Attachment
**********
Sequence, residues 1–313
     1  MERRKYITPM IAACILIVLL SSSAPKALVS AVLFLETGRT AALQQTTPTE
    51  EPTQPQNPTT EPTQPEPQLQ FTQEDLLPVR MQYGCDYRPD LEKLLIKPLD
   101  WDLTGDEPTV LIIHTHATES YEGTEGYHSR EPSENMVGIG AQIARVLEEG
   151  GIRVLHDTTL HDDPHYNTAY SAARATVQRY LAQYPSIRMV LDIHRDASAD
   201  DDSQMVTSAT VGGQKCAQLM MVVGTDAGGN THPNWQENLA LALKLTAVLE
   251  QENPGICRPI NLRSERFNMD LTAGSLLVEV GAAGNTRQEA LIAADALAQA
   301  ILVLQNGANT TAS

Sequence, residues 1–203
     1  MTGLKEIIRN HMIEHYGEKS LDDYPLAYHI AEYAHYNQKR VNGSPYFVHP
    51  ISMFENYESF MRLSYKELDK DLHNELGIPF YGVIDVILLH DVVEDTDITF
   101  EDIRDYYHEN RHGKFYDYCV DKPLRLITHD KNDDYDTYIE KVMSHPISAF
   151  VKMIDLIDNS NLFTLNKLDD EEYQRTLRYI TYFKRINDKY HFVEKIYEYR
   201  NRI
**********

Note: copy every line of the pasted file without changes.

Sequence, residues 1–313
     1  MERRKYITPM IAACILIVLL SSSAPKALVS AVLFLETGRT AALQQTTPTE
    51  EPTQPQNPTT EPTQPEPQLQ FTQEDLLPVR MQYGCDYRPD LEKLLIKPLD
   101  WDLTGDEPTV LIIHTHATES YEGTEGYHSR EPSENMVGIG AQIARVLEEG
   151  GIRVLHDTTL HDDPHYNTAY SAARATVQRY LAQYPSIRMV LDIHRDASAD
   201  DDSQMVTSAT VGGQKCAQLM MVVGTDAGGN THPNWQENLA LALKLTAVLE
   251  QENPGICRPI NLRSERFNMD LTAGSLLVEV GAAGNTRQEA LIAADALAQA
   301  ILVLQNGANT TAS

Sequence, residues 1–203
     1  MTGLKEIIRN HMIEHYGEKS LDDYPLAYHI AEYAHYNQKR VNGSPYFVHP
    51  ISMFENYESF MRLSYKELDK DLHNELGIPF YGVIDVILLH DVVEDTDITF
   101  EDIRDYYHEN RHGKFYDYCV DKPLRLITHD KNDDYDTYIE KVMSHPISAF
   151  VKMIDLIDNS NLFTLNKLDD EEYQRTLRYI TYFKRINDKY HFVEKIYEYR
   201  NRI